The program connects users to the I-SaveRx clearinghouse, administered by CanaRx, through the website (www.I-Saverx.net) or toll-free telephone number (1-866-ISAVE-33). The clearinghouse provides users with information on the list of medications included in the program, prices in each of the three countries and enrollment forms and guidance. Consumers can enjoy one-stop shopping rather than contacting numerous pharmacies to gather information and compare prices.
Before ordering, new enrollees must mail or have their doctor fax a completed health profile form and signed prescription to the clearinghouse. Once the clearinghouse has received the prescription and health profile form, it will conduct an initial scan for appropriateness using the same drug interaction software used in Illinois pharmacies. If the prescription passes the interaction test, it will then be turned over to a network physician in the country from which the medication will be dispensed, who will review and re-write the prescription for a local network pharmacy. The pharmacy will perform a final safety check to comply with local laws and regulations before dispensing the medication.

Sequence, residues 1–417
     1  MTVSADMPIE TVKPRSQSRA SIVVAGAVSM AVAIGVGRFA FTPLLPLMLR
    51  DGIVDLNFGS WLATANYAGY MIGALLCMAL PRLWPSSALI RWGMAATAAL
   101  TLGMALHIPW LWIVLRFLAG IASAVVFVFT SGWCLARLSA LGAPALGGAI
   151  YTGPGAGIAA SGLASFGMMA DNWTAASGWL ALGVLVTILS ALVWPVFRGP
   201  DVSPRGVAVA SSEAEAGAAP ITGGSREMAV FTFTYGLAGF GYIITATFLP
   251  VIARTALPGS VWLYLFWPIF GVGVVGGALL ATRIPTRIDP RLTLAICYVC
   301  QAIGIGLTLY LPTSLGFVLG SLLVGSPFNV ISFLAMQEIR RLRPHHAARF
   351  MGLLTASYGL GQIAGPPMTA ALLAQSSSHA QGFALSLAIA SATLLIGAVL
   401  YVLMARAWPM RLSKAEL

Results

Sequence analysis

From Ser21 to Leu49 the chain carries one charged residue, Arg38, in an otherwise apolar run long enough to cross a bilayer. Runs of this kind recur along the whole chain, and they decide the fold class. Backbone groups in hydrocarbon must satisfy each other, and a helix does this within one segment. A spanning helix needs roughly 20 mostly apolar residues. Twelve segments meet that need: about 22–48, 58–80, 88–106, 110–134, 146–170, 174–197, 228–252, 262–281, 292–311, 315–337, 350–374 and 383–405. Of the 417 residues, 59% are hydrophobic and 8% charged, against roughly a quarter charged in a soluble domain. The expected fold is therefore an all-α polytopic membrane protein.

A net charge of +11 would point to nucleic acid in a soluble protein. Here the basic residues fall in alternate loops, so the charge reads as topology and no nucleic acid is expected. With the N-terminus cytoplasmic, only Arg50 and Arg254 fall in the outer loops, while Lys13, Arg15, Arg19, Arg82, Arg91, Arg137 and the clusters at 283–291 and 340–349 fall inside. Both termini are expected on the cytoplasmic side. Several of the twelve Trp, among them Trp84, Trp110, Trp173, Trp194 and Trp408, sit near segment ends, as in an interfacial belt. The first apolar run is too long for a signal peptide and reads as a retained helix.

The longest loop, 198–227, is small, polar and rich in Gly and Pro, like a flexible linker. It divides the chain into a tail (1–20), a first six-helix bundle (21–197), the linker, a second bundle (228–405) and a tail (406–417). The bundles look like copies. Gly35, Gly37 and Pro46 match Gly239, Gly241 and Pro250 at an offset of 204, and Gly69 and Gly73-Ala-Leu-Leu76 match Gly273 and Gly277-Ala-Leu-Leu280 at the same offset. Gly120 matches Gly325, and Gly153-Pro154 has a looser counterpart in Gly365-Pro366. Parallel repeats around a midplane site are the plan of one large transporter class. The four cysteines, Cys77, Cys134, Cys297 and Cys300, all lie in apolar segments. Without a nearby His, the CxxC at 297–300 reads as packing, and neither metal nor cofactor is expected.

The I-SaveRx import program builds in numerous safety measures to ensure the quality and safety of drugs dispensed. The list of available drugs is limited to those that are used for long periods of time, and that cannot spoil during the shipping process. Consumers can order eligible drugs for re-fill only, so patients and their doctors have had time to review for unanticipated side effects or interactions. All network pharmacies agree to comply with Illinois pharmaceutical standards, and to only dispense drugs that are intended as domestic product in Canada, Ireland or the U.K. – meaning the pharmacies cannot dispense prescription drugs from other countries that are not part of the program to I-SaveRx consumers.
While all residents of Illinois, Wisconsin, Missouri, and Kansas are eligible to enroll in I-SaveRx, the states are focusing their promotional efforts on reaching people who do not have prescription drug coverage – estimated at roughly 6 million individuals in the four states combined. Of that total, older citizens have the greatest need for relief. According to the Center for Policy Alternatives, one out of every five senior citizens takes at least five prescription medications daily. Last year, the prices of the thirty prescription drugs used most by senior citizens rose more than four times faster than the rate of inflation, according to Families USA.
Since launching I-SaveRx, Gov. Blagojevich embarked on an aggressive outreach campaign visiting more than a dozen Illinois senior centers explaining the new program to seniors. In addition, the Departments of Aging and Public Health are reaching out to seniors and physicians throughout the state to spread information about the program and enrollment procedures.